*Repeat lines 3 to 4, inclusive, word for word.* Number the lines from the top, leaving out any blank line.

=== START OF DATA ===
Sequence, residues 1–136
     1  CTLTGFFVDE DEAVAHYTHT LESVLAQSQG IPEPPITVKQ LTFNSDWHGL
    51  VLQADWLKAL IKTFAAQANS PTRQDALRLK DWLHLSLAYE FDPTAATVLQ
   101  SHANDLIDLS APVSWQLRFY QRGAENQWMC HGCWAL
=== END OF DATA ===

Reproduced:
    51  VLQADWLKAL IKTFAAQANS PTRQDALRLK DWLHLSLAYE FDPTAATVLQ
   101  SHANDLIDLS APVSWQLRFY QRGAENQWMC HGCWAL